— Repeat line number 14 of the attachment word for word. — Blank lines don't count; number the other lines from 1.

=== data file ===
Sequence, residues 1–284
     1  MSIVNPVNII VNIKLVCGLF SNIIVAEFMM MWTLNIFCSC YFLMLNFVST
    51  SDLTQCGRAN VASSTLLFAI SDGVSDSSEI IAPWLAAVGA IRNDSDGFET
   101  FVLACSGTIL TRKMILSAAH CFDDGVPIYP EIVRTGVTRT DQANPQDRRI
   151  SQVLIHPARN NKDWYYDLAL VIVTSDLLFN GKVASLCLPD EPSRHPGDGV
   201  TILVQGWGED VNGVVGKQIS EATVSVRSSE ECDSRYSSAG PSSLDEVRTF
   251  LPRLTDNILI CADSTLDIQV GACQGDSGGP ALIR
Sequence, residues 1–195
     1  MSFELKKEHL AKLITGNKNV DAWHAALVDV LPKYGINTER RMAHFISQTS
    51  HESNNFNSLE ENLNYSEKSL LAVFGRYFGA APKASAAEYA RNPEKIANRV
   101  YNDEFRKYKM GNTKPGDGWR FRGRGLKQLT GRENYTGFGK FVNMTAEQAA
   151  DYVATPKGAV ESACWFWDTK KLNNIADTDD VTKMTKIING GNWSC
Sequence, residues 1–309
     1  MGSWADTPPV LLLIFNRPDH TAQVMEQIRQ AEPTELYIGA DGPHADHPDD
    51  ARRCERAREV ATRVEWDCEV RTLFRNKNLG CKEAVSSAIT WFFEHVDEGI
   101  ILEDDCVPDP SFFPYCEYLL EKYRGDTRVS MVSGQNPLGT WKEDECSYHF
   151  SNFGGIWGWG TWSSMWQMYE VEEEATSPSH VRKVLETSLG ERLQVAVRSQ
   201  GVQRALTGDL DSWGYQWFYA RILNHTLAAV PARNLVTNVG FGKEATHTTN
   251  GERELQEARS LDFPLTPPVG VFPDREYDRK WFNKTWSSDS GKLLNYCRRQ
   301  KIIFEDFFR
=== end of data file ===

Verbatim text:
     1  MGSWADTPPV LLLIFNRPDH TAQVMEQIRQ AEPTELYIGA DGPHADHPDD